Smith Woods

Welcome to Smith Woods!

Entrance to Smith Woods

Henry A. Smith Woods is a 32-acre old-growth forest located in Trumansburg, New York. Henry Atterbury Smith (1822-1891) was a businessman from New York City who had purchased this parcel of land as a summer residence and although he visited the property sparingly, he was a well known member of the Trumansburg community. In 1909, this undeveloped forest fragment was left to the Village of Trumansburg by Henry A Smith’s sons to be preserved as a public park forever. The purpose of the park is “to execute and carry out the terms of the trust in the spirit of the grant, namely the preservation of the park in its natural state and for educational and recreational purposes”.

In 2007, ownership of this forest was transferred to Cayuga Nature Center to continue it’s use as an educational site. Since the transfer, a loop trail was created and the Cayuga Nature Center staff have continued to uphold the mission of the park through school visits and public hikes. Smith Woods is open to the public year round.

Fern in Smith Woods

What is an Old-Growth Forest?

An old-growth forest, also known as a primeval or virgin forest, is one that does not have any significant disturbance, particularly human, and usually has unique biodiversity features. Most forests in North America are considered secondary forests, in that they have been cut down and have since regrown. Old-growth forests are generally heavily stratified; they have very distinct and different layers. It is because of the diverse stratification that these older forests can sustain various species of animals and plants and allow them to live in the same place at the same time.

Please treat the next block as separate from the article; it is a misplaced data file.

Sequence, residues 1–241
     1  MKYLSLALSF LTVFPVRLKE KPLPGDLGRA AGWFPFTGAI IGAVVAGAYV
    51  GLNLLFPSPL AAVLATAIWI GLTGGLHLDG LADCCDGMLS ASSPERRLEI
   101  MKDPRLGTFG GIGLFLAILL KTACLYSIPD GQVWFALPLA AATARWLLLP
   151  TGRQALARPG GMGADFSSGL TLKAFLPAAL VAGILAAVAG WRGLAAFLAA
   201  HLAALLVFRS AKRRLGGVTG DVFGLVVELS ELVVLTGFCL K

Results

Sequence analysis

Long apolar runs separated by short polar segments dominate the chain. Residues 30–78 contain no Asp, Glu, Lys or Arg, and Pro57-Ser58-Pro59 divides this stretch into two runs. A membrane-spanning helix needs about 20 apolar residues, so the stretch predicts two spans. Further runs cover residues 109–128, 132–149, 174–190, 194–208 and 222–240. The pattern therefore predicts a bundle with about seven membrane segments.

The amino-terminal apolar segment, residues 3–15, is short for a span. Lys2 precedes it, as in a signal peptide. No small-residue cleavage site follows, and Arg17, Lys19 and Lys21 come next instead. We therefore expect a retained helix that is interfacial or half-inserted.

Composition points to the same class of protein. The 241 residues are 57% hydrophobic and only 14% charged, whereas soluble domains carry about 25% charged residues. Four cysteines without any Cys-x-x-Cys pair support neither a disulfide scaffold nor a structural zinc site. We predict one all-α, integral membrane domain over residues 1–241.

Old-growth forests often have large trees as well as standing dead trees. They also contain layered canopies with tree-fall gaps and a woody forest floor. These forests often have communities of plants and animals that have survived over long periods of time, sometimes even rare species that are not found in the more common younger forests.

Planning a visit to Henry A. Smith Woods